Another concern expressed by the researchers is that 12,000 of the 16,000 people displaced by violence between May and August will be unable to vote, because they are not registered in their new places of residence. An estimated total of three million displaced people in Colombia have been forced to flee their homes because of the armed conflict.
Furthermore, complaints of violations of press freedom were filed between May 2006 and August 2007 in 50 municipalities throughout the country, says the MOE.
And from January to mid-September, candidates or public officials were the targets of 13 murders, 71 death threats, and six kidnappings, with 51 percent of the cases occurring in the departments of Antioquia, Meta and Valle.
Alejandra Barrios, executive director of the MOE, said that the organisation has had 23 regional coordinators overseeing the monitoring in 22 of the country’s 32 departments since Oct. 12. "We have covered 232 municipalities," she added.
But what are the government and relevant institutions doing to allay the risks pointed out by the MOE?
Jorge Enrique Calero, head of the early warning system in the ombudsman’s office, said "the risk is higher in rural areas. There are high levels of aggression in the south of the country. The ombudsman’s office has recommended that the government implement a security plan to protect the lives of candidates and public officials under threat. We are also calling for a suspension of the practice of using indelible ink" to mark voters’ hands, in order to prevent attacks on citizens who exercise their right to vote.
National Electoral Court magistrate Héctor Osorio Isaza said the Court had set up tribunals in 15 departments to monitor how candidates are spending their campaign funds. In addition, "election witnesses have been authorised to film the results" of the elections," he said.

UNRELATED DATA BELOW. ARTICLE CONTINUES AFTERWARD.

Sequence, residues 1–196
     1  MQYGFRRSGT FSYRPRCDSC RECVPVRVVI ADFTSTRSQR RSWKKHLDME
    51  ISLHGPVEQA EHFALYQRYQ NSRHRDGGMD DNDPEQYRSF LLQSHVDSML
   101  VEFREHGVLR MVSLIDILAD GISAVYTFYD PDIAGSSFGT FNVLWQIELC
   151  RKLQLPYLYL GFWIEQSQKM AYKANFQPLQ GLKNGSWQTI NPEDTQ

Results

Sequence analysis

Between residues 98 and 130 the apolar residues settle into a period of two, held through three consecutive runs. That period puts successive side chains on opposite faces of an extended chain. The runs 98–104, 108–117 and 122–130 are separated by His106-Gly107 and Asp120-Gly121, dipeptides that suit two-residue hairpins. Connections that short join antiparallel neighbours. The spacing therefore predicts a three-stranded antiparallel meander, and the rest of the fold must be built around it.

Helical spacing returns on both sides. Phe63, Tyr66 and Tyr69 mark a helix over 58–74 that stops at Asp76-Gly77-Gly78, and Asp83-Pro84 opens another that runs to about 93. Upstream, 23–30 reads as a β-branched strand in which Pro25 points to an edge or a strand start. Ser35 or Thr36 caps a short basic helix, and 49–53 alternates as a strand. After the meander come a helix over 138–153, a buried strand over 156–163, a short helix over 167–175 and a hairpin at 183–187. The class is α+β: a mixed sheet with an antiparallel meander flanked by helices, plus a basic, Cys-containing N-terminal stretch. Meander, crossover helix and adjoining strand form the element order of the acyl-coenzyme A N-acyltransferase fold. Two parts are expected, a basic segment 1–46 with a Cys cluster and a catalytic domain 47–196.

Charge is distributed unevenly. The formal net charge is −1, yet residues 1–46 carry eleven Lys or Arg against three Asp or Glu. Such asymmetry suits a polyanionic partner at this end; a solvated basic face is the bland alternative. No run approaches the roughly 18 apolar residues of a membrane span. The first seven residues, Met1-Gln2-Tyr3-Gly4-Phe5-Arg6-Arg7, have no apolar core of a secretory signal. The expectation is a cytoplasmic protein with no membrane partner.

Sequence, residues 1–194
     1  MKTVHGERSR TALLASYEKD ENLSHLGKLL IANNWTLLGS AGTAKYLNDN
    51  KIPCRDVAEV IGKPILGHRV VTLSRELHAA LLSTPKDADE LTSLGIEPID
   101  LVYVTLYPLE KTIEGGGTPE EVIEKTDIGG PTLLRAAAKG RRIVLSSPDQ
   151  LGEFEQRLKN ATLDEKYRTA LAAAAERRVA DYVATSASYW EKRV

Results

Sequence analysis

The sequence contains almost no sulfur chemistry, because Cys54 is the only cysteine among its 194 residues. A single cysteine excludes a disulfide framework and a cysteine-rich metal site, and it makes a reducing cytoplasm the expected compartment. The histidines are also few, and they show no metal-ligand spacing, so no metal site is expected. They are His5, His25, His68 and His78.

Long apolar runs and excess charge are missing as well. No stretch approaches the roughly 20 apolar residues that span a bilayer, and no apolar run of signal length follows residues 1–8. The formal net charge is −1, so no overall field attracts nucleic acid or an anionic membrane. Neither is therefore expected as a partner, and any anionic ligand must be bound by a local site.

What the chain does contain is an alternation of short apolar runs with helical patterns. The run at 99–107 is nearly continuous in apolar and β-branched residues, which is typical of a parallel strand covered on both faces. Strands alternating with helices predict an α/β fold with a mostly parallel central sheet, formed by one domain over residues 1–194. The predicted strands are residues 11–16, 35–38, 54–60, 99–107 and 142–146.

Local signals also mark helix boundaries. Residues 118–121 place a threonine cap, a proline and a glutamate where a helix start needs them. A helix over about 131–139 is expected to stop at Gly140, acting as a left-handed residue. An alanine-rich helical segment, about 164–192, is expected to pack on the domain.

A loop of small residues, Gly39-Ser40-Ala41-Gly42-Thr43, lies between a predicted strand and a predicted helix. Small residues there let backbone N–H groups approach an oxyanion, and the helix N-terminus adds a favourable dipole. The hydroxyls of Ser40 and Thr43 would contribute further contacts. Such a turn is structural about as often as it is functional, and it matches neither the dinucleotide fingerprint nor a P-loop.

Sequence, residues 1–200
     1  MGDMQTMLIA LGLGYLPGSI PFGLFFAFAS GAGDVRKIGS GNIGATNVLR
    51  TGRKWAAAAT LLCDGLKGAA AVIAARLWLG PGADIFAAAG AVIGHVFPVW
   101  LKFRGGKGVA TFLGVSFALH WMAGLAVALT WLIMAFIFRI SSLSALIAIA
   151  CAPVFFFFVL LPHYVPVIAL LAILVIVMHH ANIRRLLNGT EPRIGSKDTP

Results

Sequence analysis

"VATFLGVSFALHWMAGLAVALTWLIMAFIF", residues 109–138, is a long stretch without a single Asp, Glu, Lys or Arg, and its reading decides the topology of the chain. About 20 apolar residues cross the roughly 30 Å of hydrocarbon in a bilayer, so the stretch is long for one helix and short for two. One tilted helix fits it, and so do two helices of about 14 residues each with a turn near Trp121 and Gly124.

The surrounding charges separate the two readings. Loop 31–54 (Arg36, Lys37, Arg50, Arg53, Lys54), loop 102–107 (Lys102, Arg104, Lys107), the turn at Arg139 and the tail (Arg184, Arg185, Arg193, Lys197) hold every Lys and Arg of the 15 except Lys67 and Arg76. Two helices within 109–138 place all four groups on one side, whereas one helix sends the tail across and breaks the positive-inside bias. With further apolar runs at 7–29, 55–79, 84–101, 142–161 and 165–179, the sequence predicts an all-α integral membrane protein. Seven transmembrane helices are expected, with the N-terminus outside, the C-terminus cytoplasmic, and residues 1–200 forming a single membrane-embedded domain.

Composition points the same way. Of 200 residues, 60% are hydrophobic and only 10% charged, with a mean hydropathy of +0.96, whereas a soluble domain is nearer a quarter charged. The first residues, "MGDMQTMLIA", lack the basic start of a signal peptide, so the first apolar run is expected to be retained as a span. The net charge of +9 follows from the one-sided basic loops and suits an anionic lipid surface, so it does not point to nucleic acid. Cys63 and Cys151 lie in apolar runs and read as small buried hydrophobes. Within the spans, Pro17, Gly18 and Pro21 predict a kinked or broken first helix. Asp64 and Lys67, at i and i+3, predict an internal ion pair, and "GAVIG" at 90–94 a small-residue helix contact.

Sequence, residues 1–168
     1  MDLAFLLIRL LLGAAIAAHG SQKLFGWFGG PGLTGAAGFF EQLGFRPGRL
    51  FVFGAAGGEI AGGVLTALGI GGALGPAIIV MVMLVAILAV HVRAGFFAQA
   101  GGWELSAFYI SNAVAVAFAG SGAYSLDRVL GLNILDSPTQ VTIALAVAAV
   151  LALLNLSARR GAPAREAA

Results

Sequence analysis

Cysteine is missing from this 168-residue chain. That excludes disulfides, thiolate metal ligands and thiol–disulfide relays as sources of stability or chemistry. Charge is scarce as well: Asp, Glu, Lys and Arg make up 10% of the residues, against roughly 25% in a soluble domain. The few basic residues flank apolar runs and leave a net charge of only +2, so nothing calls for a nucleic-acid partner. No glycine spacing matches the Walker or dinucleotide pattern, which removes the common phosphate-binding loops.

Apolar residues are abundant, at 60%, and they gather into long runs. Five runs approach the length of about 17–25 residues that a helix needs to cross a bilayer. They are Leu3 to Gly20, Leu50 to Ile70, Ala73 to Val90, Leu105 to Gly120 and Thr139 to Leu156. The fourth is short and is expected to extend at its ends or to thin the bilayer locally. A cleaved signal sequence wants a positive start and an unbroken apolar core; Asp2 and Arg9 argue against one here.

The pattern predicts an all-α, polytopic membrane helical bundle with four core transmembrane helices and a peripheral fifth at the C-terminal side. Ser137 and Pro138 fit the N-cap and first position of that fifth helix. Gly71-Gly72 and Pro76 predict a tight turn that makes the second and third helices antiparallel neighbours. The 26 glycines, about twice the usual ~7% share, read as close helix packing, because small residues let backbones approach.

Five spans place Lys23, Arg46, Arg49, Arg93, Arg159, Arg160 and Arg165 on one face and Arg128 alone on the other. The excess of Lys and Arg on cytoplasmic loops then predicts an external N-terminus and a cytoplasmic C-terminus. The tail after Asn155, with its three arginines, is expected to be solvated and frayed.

Nicolás Farfán, an official with the National Civil Registry, said that in August, the Registry had received a list from the Procuraduría General de la Nación (the office of the inspector general) that contained the names of 260 disqualified candidates.
But, he said, although the list was distributed to the political parties, the names of 48 of the disqualified candidates are still on the party tickets, and disciplinary action will have to be taken if they are elected.
The National Civil Registry will post 590 officials to different municipalities for the elections.
The police announced that under the so-called "Democracy Plan", 135,000 police officers will provide security at campaign rallies and on the streets on election day, 62,000 will be posted at the 9,150 voting stations around the country, 2,200 will guard political party offices, and 336 will be assigned to candidates facing threats.
Former ombudsman Eduardo Cifuentes said "more than 3,000 voter registrations have been cancelled. We are still on time to prevent electoral fraud. But if it occurs, penal action will have to be taken."
Despite the risks, 69,478 men and 16,971 women are running for the often dangerous posts of governor, mayor, provincial legislator and town councillor.